Shortly after Red Dead Redemption was released, I got a call asking if I could get to the office in 20 minutes. I said, "But I'm way on the other side of town." Rockstar said, "Get ready. We're sending a car for you in ten minutes." I threw an iPod Touch and my questions into my Heart of Darkness backpack and was out the door.
Twenty minutes later, I sat in a conference room with Rockstar memorabilia around me. I wasn't nervous, well, not too nervous. But I was ready. Sam came in, limping a little from a spill he'd taken while riding his bike. He sported a long, Red Dead Redemption-style beard. The first thing he did was apologize for the long process of getting into Rockstar. He meant it. I could see it in his eyes.
Then Houser said, "Isn't this an amazing time for games? Red Dead Redemption and Super Mario Galaxy 2 are being released at the same time." Sam actually is a Nintendo fan, having worked on a slyly humorous Nintendo 64 game called, "Space Station Silicon Valley."
He sat down on a couch, and I could visibly see that he swallowed hard, kind of a gulp. He was getting ready to talk like he hadn't ever before.
Sam was completely affable, and we discussed everything Rockstar. He talked about how he was torn about moving to New York from London. He talked about the early days of Take-Two and about making ports of middling offerings like Bass Hunter to fund games he really liked. He said that Dan's first writing gig was on a British version of the trivia game, You Don't Know Jack.
He became more serious and talked about 9/11, about the horrors of watching the Twin Towers come down, about changing GTA III because of the tenor of the times, all about Hot Coffee and about dealing with the Feds. He talked about some very dark days, which I detail in the book. Everything was on the table.
And he's no a fan of the many executive level bloodsuckers in the world of games. Houser said, "I've been working in this industry for quite a long time. I think it's getting itself into sticky territory when it thinks only sequels and franchises and brands are what people (care) about. These companies are run by these corporate types while the great, creative things (in games) have only really come from guys going, ‘Well, we're gonna make this because that's what we believe in. So that's what we're going to make.' It doesn't come from people going, ‘Well, this is what our feedback told us, and this is how we've assessed its viability, so this is what you have to make.'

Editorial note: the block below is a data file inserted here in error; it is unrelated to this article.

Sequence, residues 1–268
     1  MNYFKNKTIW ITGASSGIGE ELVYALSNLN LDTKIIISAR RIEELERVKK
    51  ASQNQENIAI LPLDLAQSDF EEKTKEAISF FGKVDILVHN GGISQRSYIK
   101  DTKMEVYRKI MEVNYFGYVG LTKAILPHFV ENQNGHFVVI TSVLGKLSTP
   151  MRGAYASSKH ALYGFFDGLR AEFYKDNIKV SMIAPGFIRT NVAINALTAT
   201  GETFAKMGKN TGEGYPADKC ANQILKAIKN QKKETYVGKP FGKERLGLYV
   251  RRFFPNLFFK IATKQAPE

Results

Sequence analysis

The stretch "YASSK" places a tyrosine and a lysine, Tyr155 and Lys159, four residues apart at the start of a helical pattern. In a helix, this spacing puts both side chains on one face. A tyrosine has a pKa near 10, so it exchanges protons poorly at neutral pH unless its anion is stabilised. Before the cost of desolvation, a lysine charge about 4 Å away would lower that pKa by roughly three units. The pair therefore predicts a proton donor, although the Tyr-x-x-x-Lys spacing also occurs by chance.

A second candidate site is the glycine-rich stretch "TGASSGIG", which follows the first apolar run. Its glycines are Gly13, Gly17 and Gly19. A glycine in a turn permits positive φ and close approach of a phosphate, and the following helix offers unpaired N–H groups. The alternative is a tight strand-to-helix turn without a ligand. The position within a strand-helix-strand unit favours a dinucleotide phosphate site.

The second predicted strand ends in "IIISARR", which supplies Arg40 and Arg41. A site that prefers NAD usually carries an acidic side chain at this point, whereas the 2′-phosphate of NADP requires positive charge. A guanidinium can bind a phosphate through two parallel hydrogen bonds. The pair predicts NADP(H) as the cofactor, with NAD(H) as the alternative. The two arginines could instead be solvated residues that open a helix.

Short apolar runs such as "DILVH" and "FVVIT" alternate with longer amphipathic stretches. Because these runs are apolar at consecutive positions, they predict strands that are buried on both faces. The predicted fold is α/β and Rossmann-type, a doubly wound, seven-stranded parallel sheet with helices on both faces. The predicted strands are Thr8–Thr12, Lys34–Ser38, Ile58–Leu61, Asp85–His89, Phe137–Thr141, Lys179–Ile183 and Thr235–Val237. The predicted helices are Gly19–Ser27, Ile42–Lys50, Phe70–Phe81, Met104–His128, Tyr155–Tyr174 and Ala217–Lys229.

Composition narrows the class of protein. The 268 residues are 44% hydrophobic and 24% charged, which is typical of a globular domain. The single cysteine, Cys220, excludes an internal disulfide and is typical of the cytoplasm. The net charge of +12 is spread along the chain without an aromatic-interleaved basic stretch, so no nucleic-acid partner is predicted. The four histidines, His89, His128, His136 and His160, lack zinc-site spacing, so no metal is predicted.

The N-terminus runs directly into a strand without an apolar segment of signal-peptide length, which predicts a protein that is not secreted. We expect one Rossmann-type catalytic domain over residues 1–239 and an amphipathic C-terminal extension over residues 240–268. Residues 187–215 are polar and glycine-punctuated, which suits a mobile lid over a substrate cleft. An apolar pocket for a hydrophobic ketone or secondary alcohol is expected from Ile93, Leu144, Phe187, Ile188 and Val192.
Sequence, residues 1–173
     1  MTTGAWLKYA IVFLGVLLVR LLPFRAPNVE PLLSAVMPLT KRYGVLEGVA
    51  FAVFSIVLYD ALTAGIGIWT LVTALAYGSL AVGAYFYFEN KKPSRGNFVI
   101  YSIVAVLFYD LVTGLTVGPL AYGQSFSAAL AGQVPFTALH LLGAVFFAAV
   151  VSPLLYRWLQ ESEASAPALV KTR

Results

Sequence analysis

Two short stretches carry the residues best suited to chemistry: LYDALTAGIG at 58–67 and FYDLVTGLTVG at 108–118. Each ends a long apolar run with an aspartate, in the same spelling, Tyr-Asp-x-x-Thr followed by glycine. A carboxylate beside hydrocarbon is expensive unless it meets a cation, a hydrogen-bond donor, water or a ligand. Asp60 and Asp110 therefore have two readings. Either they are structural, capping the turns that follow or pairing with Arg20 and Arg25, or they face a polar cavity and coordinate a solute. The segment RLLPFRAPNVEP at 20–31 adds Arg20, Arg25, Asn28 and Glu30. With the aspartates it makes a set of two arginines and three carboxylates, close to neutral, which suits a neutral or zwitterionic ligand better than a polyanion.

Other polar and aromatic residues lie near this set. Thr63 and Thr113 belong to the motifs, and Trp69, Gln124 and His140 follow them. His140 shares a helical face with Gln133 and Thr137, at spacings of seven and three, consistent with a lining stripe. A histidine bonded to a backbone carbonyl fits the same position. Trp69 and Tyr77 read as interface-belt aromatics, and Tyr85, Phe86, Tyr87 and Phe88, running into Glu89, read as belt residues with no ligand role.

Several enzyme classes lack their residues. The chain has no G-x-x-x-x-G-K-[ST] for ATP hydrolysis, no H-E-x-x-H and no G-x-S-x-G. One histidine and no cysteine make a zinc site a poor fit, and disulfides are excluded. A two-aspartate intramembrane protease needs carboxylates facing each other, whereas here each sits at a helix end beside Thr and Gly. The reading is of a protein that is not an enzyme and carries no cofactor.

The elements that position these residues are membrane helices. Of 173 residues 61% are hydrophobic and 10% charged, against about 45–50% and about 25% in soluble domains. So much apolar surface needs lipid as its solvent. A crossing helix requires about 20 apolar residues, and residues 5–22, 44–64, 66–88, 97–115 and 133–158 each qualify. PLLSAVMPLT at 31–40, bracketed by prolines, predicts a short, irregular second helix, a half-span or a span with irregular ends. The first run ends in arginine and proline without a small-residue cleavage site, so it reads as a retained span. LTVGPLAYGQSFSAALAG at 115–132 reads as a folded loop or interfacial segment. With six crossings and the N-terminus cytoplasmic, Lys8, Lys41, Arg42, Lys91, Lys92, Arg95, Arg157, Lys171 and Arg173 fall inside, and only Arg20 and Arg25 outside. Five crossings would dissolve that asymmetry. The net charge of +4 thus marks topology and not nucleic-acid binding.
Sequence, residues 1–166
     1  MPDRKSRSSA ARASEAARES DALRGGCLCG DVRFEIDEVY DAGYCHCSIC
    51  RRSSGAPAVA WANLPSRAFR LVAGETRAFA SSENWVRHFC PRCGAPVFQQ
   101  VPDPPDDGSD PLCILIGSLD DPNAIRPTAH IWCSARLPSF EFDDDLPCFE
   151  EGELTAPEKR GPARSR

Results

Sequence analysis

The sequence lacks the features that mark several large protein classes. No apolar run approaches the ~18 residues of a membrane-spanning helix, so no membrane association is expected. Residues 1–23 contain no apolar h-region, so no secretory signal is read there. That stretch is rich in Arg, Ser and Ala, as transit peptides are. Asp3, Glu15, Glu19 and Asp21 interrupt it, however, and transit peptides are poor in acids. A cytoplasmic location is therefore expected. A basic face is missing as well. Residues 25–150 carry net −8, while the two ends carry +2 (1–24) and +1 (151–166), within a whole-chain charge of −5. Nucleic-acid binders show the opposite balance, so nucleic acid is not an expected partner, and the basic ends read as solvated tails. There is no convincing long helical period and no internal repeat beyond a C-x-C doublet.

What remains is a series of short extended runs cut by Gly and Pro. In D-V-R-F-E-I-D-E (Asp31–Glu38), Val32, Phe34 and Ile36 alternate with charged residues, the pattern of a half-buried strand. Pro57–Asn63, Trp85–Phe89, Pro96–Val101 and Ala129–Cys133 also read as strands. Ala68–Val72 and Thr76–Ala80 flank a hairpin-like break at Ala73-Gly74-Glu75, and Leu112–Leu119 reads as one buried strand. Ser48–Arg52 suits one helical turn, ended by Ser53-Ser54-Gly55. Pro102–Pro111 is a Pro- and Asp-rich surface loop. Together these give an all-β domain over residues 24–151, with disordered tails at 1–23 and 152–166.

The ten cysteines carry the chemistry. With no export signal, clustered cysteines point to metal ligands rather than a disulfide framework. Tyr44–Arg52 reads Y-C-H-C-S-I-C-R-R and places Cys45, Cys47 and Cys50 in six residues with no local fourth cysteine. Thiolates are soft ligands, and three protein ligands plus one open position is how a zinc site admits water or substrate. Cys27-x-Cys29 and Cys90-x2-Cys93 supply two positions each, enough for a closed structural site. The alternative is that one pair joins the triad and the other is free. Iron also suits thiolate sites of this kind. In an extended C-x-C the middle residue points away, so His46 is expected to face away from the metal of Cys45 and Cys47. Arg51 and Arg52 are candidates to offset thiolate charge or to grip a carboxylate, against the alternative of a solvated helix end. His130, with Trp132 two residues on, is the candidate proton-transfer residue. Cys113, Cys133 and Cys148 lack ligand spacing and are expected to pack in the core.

Among the 200 people I spoke with for the book, Sam Houser is the most outwardly passionate game maker I met. Yet he has that same cynical, New York edge that I have, the one that warns, Yeh, everything probably can go wrong, and it's all right to be paranoid about it – as long as you have a glimmer of hope. Like me, and maybe you, too, Houser felt like an outsider in the world. He still does. It was something I hadn't contemplated much before; I had thought that if you had made it big, that black sheep-ness would magically disappear. It was sheer prejudice on my part. But Sam uses that outsider-ness to Rockstar's benefit — to motivate and drive his people to make better games.
Hours and hours went by. It was like this Vulcan mind meld. We talked about punk rock, blue-eyed soul, books, traveling, being on the road, and, mostly, games. I spoke with Sam twice more for two hours with follow up questions. Some people have said, "Dude, you've drunk the Rockstar Kool-Aid." Others have said, "Watch out. They're going to turn on you." I'm not a fanboy; I ask tough questions and write with a critical eye. But I am a videogame fan, just like you. And one thing about Rockstar; they're never going to turn on their fans.
If you're a fan or a games journalist, I hope you get to meet Sam and the other game makers at Rockstar somewhere down the line. For now, you've got what I've written in All Your Base Are Belong to Us. I really hope you'll check out the book to read those intense Rockstar chapters (and about the ups and downs of all the genius game changers). In the meantime, be loud and proud, gamers. To paraphrase National Book Award winner Patti Smith at her punk rock best, At heart, you're a video gamer. And you have no guilt.
Harold Goldberg is the author of All Your Base Are Belong to Us, How Fifty Years of Videogames Conquered Pop Culture. He will read from the book at The Strand Bookstore, 828 Broadway in Manhattan, on April 7th at 7 p.m.